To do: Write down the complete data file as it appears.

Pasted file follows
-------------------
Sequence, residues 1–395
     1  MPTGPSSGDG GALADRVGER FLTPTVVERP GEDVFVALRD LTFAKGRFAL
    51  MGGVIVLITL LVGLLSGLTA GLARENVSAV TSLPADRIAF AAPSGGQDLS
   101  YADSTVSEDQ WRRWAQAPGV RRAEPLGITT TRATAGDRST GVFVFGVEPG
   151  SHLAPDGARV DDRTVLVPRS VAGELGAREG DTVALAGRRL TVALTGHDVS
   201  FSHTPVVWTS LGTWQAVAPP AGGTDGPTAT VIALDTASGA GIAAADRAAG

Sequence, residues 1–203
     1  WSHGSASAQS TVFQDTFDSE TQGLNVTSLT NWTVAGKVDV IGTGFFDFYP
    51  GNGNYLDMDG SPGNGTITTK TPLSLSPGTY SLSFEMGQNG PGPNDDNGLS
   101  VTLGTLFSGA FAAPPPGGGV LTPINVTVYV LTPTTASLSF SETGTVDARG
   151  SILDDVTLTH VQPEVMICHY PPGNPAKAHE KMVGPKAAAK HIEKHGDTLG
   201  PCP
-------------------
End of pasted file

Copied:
Sequence, residues 1–395
     1  MPTGPSSGDG GALADRVGER FLTPTVVERP GEDVFVALRD LTFAKGRFAL
    51  MGGVIVLITL LVGLLSGLTA GLARENVSAV TSLPADRIAF AAPSGGQDLS
   101  YADSTVSEDQ WRRWAQAPGV RRAEPLGITT TRATAGDRST GVFVFGVEPG
   151  SHLAPDGARV DDRTVLVPRS VAGELGAREG DTVALAGRRL TVALTGHDVS
   201  FSHTPVVWTS LGTWQAVAPP AGGTDGPTAT VIALDTASGA GIAAADRAAG

Sequence, residues 1–203
     1  WSHGSASAQS TVFQDTFDSE TQGLNVTSLT NWTVAGKVDV IGTGFFDFYP
    51  GNGNYLDMDG SPGNGTITTK TPLSLSPGTY SLSFEMGQNG PGPNDDNGLS
   101  VTLGTLFSGA FAAPPPGGGV LTPINVTVYV LTPTTASLSF SETGTVDARG
   151  SILDDVTLTH VQPEVMICHY PPGNPAKAHE KMVGPKAAAK HIEKHGDTLG
   201  PCP